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     BEIJING (MNI) - The following are highlights from the China press for
Monday, January 22:  
     The Chengdu Branch of Shanghai Pudong Development Bank was fined CNY462
last week by China's banking regulator for illegally loaning as much as CNY77.5
billion to shell companies as cover-ups for its non-performing loans, Shanghai
Securities News reported over the weekend. Top management associated with the
scandal were fined and charged, as well as barred for life from working in
banking, while 195 lower-level executives were disciplined, it said. Pudong Bank
said in an exchange filing that the fine's impact is immaterial to the bank's
operations. 
***Comment: Chinese commercial banks, under regulatory pressure to reduce high
NPL ratios, lent recklessly to SOEs. These loans increased the risk of defaults
and made it harder for private companies to obtain capital.
     China is clamping down on the use of local government funding vehicles
(LGFVs), the 21st Century Business Herald reported Monday. The central
government is enforcing debt swaps or separating LGFVs to independent companies
to reveal invisible debt held by local authorities. The process of regulating
LGFVs is slow and difficult given that it ties to the local economies and that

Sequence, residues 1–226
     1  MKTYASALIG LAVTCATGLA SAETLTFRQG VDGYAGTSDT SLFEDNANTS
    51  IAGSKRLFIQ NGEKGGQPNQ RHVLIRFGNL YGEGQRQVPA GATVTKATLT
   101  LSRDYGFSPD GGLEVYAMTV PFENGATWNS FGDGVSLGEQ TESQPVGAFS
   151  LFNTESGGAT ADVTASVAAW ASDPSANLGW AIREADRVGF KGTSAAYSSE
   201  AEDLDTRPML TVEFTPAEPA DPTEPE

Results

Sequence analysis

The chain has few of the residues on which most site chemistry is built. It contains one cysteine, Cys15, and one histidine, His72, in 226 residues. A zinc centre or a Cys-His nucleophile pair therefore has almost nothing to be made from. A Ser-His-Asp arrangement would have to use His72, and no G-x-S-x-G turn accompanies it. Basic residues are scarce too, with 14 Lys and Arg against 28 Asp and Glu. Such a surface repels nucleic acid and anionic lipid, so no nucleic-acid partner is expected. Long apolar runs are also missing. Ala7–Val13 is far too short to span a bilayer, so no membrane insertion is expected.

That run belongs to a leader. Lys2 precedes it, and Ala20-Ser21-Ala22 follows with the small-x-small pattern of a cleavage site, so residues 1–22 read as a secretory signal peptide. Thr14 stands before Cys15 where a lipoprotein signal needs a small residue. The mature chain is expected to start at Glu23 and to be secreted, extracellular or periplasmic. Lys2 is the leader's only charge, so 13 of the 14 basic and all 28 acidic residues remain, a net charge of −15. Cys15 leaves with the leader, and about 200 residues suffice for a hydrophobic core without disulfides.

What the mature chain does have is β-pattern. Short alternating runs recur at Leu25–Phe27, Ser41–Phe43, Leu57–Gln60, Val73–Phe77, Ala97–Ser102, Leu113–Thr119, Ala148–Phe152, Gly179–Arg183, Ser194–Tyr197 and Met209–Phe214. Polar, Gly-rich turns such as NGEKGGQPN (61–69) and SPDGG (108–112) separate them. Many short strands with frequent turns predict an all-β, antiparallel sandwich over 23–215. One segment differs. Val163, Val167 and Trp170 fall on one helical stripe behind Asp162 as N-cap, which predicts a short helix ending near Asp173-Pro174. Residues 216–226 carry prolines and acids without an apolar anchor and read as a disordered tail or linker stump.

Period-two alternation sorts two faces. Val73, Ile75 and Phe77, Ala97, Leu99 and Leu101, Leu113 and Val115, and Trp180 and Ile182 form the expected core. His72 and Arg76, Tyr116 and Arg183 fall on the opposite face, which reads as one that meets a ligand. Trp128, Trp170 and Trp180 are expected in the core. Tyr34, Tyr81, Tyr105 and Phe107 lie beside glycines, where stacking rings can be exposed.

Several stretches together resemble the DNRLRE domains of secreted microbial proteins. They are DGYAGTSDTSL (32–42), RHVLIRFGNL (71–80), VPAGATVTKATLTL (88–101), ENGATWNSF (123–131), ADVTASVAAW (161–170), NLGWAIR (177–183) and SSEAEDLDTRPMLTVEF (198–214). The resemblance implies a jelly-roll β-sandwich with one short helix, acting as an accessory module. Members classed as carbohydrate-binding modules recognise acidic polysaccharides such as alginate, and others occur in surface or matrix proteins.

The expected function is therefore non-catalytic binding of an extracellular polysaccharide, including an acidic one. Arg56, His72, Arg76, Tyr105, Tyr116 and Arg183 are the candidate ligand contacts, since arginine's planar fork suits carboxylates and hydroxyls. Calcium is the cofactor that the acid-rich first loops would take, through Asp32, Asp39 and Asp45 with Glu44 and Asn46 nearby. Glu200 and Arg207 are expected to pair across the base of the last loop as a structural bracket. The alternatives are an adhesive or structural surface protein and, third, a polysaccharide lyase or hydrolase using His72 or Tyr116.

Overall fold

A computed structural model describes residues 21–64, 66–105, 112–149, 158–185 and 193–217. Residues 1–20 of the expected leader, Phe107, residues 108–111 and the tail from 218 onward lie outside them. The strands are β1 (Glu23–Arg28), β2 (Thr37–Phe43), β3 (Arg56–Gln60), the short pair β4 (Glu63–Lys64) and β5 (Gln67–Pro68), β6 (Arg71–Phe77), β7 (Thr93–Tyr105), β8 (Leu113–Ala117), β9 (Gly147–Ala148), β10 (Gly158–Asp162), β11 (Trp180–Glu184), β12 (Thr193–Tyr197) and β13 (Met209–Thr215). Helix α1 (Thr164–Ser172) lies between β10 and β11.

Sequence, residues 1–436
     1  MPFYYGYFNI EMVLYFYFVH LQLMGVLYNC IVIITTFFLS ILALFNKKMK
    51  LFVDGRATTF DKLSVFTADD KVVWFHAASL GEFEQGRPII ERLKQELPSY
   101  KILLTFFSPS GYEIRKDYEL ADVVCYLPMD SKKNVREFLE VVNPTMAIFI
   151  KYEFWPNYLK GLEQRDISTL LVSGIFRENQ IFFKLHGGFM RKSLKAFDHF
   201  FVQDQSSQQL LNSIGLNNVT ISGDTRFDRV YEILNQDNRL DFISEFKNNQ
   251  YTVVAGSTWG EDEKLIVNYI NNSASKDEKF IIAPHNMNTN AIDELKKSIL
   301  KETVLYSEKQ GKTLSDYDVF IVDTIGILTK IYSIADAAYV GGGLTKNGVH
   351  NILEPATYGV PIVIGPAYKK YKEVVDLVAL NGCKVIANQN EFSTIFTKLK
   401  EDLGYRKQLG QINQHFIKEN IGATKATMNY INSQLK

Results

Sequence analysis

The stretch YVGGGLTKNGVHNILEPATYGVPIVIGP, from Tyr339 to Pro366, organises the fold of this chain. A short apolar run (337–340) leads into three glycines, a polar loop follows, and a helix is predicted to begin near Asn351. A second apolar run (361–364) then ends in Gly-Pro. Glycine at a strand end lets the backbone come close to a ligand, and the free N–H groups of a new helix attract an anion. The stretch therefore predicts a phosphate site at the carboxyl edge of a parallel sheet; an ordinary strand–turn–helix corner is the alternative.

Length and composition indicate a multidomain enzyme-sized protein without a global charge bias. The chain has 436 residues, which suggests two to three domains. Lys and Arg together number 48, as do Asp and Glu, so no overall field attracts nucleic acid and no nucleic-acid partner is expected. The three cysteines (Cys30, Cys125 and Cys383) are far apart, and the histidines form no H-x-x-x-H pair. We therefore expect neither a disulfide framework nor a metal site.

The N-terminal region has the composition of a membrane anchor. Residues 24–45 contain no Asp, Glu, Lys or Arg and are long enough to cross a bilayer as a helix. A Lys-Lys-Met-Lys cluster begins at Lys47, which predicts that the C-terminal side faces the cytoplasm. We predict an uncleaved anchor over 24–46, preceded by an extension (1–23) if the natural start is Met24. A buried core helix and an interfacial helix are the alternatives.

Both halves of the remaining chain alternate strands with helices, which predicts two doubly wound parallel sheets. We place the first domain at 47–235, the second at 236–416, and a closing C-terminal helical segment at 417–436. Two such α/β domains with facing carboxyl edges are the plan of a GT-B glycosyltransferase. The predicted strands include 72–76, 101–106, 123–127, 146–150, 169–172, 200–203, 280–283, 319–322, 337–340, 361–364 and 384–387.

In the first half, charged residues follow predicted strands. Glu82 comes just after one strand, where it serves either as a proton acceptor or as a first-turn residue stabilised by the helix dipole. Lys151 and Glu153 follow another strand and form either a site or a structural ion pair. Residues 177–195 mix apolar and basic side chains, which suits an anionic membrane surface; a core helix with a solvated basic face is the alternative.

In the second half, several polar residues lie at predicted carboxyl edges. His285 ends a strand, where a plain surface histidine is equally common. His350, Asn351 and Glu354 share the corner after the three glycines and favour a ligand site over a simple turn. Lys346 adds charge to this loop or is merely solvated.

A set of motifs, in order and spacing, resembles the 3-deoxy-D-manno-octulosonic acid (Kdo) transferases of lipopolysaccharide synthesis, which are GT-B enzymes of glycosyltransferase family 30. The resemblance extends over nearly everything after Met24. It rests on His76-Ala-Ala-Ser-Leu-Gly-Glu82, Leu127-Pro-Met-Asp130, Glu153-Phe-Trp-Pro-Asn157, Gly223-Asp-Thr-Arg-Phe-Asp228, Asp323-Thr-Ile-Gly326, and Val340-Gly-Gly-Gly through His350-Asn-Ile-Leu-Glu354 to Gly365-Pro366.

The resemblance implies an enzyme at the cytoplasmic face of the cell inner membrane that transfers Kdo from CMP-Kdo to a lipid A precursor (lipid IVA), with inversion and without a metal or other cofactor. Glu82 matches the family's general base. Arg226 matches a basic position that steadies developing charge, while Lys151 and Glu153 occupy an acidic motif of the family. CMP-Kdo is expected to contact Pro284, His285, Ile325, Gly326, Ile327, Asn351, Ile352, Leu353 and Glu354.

it gets implicit guarantee from local governments, it said. 
***COMMENT: LGFVS were was created to help local governments meet targets. Local
officials are pressured by evaluations from central government. Irregularities
presented by LGFVs therefore cannot be eliminated without overhauling the fiscal
structure. These on-again and off-again approaches will not resolve the issue.
     The debt ratios of SOEs and local governments need to be closely watched,
Li Yang, a researcher with the Chinese Academy of Social Science and advisor to
China's leadership, said in a forum at the Renmin University on Sunday. With
China experiencing slower growth, excess production capacity and a difficult
investment environment, rising leverage ratios, debt and non-performing loans
are posing more risks, Li said. China's financial system is marked by that
borrowers need to continue refinancing loans - due to the lack of long-term
financing options - and not by capital shortage, Li said. China should boost the
use of equity in its capital market and establish long-term credit institutions,
Li said.
--MNI Beijing Bureau; +86 (10) 8532 5998; email: marissa.wang@marketnews.com
--MNI Beijing Bureau; +86-10-8532-5998; email: beijing@marketnews.com
--MNI Beijing Bureau; +86 10 8532 5998; email: william.bi@mni-news.com
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